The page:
Technology is expected to curb the recent rise in fatalities associated with commercial trucks. A series of studies found that the Driver Warning System, the Integrated Safety System, and the Active Chassis Control Systems, among others, will be widely adopted by 2020 and result in significant reduction in fatalities.
Trucks on the Road
Commercial trucks form an integral part of the economy. Commercial trucks, from big rigs to inner-city delivery trucks, shuffle goods all over the country. These trucks deliver Amazon packages, shipments from China, and business deliveries.
Trucks are dangerous because they crowd onto busy boulevards and streets. Trucks make deliveries to important commercial and business center, therefore, trucks must operate on roads utilized by passenger vehicles – it is unavoidable. Furthermore, many of those deliveries are also in high foot-traffic areas, which exposes pedestrians additional danger. Truck drivers are compelled to operate large, slow vehicles in crowded, mixed-use conditions.
Fatalities Caused by Trucks
Despite their relatively small numbers, commercial trucks represent a disproportionate amount of collision fatalities.
According to the National Highway Traffic Safety Administration (NHTSA), fatalities associated with large trucks increased for the fourth consecutive year, totaling 3,964 in 2013. Additionally, market research conducted by Volvo Trucks’ Accident Research Team in Europe found that 90 percent of all truck safety incidents are partly or entirely due to human error.
Trucks are inordinately dangerous for a number of reasons. First, their relative size ensures that most passenger vehicles are obliterated in an accident.
Second, trucks sit much higher than passenger vehicles, so during an accident cars are often pulled down and underneath commercial trucks. The majority of fatalities from commercial truck accidents are caused when passenger cars are crushed by commercial truck tires.
Third, commercial trucks are handled very differently from passenger vehicles, yet fellow drivers do not appreciate the distance they should give commercial trucks.
Fourth, trucks are designed to operate for hundreds of thousands of miles but they require regular maintenance. Truck operators, when crunched by tight deadlines, do occasionally skip or abbreviate required and recommended maintenance.
Active vs. Passive Safety Systems
To address these dangers, truck manufacturers design a variety of systems to improve safety. These systems fall into two types: active and passive.
Active systems are designed to assist drivers in avoiding collisions using alarms and alerts. For example, some trucks are outfitted with lane assist technologies which alert the driver whenever he drifts out of his lane. Passive systems, such as crumple-proof cabins and air bags, are used to reduce the damage from a collision, not avoid it.
Most safety experts believe that as active technologies improve, passive systems will become less and less necessary.
Driving Safety Technologies
Most modern technology is focused on developing active safety systems that alert the driver or include a secondary layer of automated action.
Safety technologies include:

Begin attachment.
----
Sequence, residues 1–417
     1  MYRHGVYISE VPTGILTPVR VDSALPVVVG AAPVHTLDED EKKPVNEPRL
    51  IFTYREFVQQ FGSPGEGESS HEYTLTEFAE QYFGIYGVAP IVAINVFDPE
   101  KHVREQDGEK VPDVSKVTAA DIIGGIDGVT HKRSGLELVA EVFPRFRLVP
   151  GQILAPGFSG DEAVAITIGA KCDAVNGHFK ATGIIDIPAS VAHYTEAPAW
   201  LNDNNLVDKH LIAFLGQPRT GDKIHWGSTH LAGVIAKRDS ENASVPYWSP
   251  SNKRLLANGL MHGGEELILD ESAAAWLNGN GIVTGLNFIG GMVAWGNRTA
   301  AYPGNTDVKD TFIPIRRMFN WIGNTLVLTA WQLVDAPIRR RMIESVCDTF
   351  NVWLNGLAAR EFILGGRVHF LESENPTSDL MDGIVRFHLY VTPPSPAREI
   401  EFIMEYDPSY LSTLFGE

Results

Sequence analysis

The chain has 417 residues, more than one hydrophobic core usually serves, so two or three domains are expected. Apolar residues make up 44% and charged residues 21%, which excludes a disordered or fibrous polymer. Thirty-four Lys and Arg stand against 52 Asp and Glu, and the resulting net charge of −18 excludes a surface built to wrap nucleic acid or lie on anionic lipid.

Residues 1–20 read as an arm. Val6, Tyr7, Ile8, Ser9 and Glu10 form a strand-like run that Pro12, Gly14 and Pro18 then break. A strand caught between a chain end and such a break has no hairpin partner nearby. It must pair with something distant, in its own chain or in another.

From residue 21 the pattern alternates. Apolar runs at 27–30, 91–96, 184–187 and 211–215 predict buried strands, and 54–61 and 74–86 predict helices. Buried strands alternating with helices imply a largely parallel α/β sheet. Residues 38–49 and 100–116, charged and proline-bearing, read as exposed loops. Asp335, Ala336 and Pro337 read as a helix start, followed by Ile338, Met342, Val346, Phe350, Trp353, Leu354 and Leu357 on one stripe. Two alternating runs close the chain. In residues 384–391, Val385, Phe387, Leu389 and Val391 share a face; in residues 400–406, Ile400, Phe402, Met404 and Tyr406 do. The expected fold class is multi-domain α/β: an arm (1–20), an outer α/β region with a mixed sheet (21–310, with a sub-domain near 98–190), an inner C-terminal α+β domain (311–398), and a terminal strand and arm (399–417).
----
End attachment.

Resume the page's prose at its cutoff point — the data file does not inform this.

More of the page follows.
- Driver Information Warning System
- Integrated Safety System
- Active Chassis Control System
- Lane Departure Warning
- Blind Spot Detection Systems
- Braking Assist
All of these technologies already exist in various forms.
For example, driver warning systems have been outfitted on trucks since the 1990s. The most common example are lane-warnings. Modern trucks are often also equipped with brake alerts, rear cameras, and other situational awareness systems.
Brake assists are an area in which autonomous driver technologies are expanding. Brake assists, rather than issue warnings, include a computer which can automatically assert control over the truck and apply the brakes. Very few trucks are outfitted with this system, but wide adoption is expected.
Active chassis control systems are a new area of development. Active Chassis Control Systems take control whenever the computer interprets that the truck is losing control. The Chassis System represents a significant expansion of automation over brake assists.
Projected Adoption Rates
The industry is already beginning to adopt these technologies without legislative impetus. Research conducted by Frost and Sullivan found that the growing awareness of impending legislation has spurred truck fleets to adopt more safety technologies as a way to drive down their total cost of ownership.
In 2013, 409,417 safety systems were outfitted in trucks; by 2020, that number is expected to rise to 917,069 safety systems. Volvo expects that 35 million trucks globally will be connected and outfitted with collision-avoidance systems. Adoption of new safety technologies is critical to ensuring that commercial trucks remain competitive and compliant with new safety regulations.
Burden on Other Drivers
However, despite all of the safety technology, it is ultimately up to the other drivers who share the road with commercial trucks to behave responsibly. The majority of commercial truck accidents are traceable to a mistake committed by the other driver, rather than the truck operator. In the end, no amount of safety technologies can trump the importance of personal responsibility and awareness.